Surgical Endoscopy

, Volume 22, Issue 12, pp 2753–2760

Robot-assisted laparoscopic total and partial gastric resection with D2 lymph node dissection for adenocarcinoma

  • Alberto Patriti
  • Graziano Ceccarelli
  • Raffaele Bellochi
  • Alberto Bartoli
  • Alessandro Spaziani
  • Lelio Di Zitti
  • Luciano Casciola
Technique

DOI: 10.1007/s00464-008-0129-0

Cite this article as:
Patriti, A., Ceccarelli, G., Bellochi, R. et al. Surg Endosc (2008) 22: 2753. doi:10.1007/s00464-008-0129-0

Abstract

Background

Lymph node dissection and esophageal anastomosis, considered the more demanding steps of laparoscopic gastrectomy for gastric adenocarcinoma, can be performed with the use of a remote-controlled robot.

Methods

Thirteen patients with a histologically proved gastric cancer (six stage I, six stage II, and one stage III) were enrolled in a prospective study to assess feasibility and safety of the Da Vinci surgical system in total and partial gastrectomy with extended lymph node dissection. Outcome measures were conversion rate, intra- and postoperative morbidity and mortality, operative time, blood loss, number of lymph nodes harvested, and macroscopic and microscopic evaluation of resection margins.

Results

Eight distal, four total, and one proximal laparoscopic gastrectomies were completed without conversion. Extended lymph node dissection, and esophagojejunal and esophagogastric anastomoses were successfully carried out using the da Vinci System. Mean operative time was 286 ± 32.6 min and blood loss was 103 ± 87.5 ml. Mean number of nodes retrieved was 28.1 ± 8.3 and all resection margins were negative. There was no mortality. Trocar bleeding requiring laparoscopy was the only major complication encountered. No recurrence occurred during a mean follow-up time of 12.2 ± 4.5 months.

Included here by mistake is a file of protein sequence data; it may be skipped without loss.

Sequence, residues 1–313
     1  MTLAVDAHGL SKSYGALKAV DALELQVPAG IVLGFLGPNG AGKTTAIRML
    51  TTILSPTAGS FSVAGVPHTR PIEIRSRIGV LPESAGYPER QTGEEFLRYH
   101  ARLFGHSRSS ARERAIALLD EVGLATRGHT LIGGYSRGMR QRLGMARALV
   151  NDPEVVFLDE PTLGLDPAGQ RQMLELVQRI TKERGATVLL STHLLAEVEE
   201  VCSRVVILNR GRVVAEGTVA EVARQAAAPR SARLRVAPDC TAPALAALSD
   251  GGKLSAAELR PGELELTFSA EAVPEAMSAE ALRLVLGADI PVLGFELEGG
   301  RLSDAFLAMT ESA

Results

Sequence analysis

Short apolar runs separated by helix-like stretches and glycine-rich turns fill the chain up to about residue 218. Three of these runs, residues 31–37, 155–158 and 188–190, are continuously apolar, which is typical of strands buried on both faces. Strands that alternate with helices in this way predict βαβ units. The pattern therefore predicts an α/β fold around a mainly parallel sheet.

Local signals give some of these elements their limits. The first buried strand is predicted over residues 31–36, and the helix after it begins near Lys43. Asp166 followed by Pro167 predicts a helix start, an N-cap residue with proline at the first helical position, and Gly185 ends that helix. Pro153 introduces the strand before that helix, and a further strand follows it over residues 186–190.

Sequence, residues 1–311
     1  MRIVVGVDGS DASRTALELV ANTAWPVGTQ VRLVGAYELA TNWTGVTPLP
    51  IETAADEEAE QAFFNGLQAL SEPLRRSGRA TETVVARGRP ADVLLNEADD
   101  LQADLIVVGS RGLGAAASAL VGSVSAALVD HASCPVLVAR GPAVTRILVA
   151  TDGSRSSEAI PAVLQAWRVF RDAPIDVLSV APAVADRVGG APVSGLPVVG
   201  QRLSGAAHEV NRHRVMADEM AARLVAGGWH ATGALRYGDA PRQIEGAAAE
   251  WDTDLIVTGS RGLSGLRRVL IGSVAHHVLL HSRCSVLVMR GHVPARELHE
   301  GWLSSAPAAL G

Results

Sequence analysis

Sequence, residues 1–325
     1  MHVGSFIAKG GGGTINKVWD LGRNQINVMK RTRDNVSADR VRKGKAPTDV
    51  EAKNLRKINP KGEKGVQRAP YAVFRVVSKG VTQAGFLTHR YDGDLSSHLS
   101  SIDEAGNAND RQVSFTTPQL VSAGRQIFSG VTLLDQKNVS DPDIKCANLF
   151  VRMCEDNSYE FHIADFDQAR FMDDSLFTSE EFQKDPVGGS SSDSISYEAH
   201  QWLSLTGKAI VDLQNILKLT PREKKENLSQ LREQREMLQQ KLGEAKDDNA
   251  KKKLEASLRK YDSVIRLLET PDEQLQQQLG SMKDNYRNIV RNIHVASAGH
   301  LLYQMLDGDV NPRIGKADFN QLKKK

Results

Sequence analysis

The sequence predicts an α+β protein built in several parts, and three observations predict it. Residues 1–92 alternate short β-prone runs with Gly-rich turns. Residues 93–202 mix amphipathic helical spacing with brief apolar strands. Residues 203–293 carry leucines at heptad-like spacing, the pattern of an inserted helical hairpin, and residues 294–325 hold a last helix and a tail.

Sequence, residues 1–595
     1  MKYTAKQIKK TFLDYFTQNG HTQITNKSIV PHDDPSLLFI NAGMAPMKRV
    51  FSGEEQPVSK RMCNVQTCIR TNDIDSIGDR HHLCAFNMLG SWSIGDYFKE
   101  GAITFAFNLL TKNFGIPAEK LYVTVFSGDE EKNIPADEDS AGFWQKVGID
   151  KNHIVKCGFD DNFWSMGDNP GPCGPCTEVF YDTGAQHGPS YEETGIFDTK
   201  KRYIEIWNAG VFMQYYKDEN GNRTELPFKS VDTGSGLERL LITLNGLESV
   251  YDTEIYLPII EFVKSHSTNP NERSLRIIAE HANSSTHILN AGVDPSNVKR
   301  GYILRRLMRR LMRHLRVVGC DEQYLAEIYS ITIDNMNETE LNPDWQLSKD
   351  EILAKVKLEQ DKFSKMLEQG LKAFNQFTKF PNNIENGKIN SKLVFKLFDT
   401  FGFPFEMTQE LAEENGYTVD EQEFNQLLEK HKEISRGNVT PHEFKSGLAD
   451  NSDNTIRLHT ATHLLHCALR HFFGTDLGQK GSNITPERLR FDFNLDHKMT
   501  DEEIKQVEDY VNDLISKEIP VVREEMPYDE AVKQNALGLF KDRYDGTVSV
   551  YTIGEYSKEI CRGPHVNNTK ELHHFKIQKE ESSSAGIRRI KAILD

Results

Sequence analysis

Conclusions

Robot-assisted laparoscopic lymph node dissection and esophageal anastomosis are feasible and safe. Longer follow-up time and randomized studies are needed to evaluate long-term outcome and clinical advantages of this new technology.

Keywords

Abdominal Cancer Digestive Technical Robotic 

Copyright information

© Springer Science+Business Media, LLC 2008

Authors and Affiliations

  • Alberto Patriti
    • 1
  • Graziano Ceccarelli
    • 1
  • Raffaele Bellochi
    • 1
  • Alberto Bartoli
    • 1
  • Alessandro Spaziani
    • 1
  • Lelio Di Zitti
    • 1
  • Luciano Casciola
    • 1
  1. 1.Department of General, Vascular, Minimally Invasive and Robotic SurgerySan Matteo degli Infermi Hospital – SpoletoSpoletoItaly

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